Changes in Consumer Behaviour
Since customers have become more sustainability-conscious in their purchases, waste management has begun to play an even more important role in South Africa’s retail sector. Retailers will need to adapt their waste management policies to the changes in consumer behaviour.
The Financial Implications of Inefficient Waste Management
Waste management costs continue to rise, and inefficiencies in your waste stream can lead to massive financial losses. From the costs of getting rid of waste products to the tax related to a heavy carbon footprint, the high expense of ignoring sustainability issues cannot be denied.
The need to improve waste management is more than just a feel-good endeavour. There are clear economic benefits and marketing rewards. Along with saving costs, you can build a better reputation as a brand.
Smart Steps Towards Improving Waste Management in the Retail Sector
1. Customer-Focused Recycling Initiatives.
Retailers can encourage customers to recycle their products when the active life cycle of the product ends. Sometimes, these recycling initiatives are far-reaching and can make a difference on a global scale.
To start, your company can offer customers incentives for participating in recycling programmes. A brilliant example is the Adidas recycling programme. This giant footwear company encourages customers to bring their old shoes into their stores, regardless of brand.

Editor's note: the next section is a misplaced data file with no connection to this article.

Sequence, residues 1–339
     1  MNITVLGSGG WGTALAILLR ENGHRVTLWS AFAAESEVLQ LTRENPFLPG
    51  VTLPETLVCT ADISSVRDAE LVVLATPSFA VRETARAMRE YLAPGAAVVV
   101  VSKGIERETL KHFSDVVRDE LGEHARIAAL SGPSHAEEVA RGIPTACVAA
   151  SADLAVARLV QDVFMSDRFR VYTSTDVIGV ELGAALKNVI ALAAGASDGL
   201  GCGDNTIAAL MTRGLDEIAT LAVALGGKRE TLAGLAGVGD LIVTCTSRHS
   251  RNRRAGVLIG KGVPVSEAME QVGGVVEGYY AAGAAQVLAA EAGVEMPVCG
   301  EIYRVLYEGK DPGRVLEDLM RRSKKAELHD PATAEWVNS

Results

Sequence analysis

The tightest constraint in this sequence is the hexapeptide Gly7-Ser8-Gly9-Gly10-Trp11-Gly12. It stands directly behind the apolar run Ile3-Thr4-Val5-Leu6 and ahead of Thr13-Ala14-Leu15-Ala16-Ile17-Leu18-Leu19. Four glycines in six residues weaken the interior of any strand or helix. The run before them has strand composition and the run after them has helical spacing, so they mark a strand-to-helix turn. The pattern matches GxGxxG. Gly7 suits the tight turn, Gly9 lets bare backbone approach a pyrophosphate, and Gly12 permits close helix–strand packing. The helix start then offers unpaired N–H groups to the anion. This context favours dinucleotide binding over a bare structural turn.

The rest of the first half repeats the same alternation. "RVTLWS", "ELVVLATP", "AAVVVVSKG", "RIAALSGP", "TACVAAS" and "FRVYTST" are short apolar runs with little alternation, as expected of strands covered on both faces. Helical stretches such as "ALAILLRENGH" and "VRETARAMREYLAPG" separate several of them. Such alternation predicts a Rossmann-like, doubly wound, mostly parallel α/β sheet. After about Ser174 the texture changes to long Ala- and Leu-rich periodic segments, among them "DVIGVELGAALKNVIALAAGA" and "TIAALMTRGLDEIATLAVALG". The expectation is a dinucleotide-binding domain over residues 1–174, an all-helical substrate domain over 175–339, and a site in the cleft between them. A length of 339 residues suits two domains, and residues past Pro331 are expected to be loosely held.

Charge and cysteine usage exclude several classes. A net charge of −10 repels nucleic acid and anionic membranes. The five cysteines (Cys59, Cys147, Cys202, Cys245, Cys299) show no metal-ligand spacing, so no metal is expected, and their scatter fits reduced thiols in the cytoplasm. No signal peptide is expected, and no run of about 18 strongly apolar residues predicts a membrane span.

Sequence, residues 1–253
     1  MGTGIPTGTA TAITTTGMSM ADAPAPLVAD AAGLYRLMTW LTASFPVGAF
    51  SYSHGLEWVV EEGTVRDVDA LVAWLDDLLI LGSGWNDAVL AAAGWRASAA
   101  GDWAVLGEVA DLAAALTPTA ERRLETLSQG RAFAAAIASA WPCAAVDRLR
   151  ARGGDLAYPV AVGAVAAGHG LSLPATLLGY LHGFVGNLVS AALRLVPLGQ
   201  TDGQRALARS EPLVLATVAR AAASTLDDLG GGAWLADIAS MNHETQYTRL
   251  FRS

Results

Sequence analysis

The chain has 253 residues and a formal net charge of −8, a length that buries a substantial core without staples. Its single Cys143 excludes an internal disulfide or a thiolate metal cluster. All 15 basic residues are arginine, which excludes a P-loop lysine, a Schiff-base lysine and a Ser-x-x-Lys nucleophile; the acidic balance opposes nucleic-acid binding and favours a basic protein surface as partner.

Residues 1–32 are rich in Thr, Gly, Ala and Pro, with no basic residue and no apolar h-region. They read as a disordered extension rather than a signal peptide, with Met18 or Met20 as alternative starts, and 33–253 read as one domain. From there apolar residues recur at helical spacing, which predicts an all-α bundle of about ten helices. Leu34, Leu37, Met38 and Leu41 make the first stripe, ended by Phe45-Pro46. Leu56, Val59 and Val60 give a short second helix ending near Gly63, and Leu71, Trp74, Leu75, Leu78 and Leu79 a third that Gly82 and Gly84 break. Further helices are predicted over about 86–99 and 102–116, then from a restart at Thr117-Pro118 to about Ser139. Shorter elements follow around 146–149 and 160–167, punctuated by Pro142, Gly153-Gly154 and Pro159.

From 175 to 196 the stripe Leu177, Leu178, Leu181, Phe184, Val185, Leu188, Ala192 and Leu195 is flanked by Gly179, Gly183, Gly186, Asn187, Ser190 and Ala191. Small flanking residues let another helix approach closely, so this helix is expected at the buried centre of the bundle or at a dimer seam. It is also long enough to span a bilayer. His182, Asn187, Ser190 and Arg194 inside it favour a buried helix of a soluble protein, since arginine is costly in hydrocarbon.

Customers benefit in that they get a discount on Adidas products. Everyone wins! The shoes are then used to make new shoes or processed to produce energy.
Examples of energy used in the programme include powering cement kilns. Waste is reduced through the smart implementation of the programme and many concerns are addressed through this Sustainable Footprint programme.
Nespresso is another company that has a global recycling initiative. They provide their customers with recycling bags to put their used pods into and request them to return their filled bags when they come back to the store. The used pods are then collected, washed and recycled. They are made from Aluminium, which is infinitely recyclable. Even if there is no Nespresso shop nearby to drop of your Nespresso pods, you can clean the pods and give them to your recycling programme.
2. e-Waste Take-Back Programmes.
Consumer electronic devices, for example television sets and computers, create e-waste. Proper disposal of e-waste is problematic. Most residential waste sites will not take e-waste to the dump. The reason is that most contain highly toxic materials. However, Remade Recycling’s Residential Estate programme does take e-waste, even large appliances.
These materials have environmental impacts that are harmful. Take-back retailers created programmes to minimise the impact of this hazardous waste on the environment.
An example of this is Apple’s Trade-In Programme. Consumers can return their used Apple devices (phones, laptops, desktops, etc.) and get in-store credit on eligible devices. If the device isn’t eligible for instore credit, Apple will recycle the device.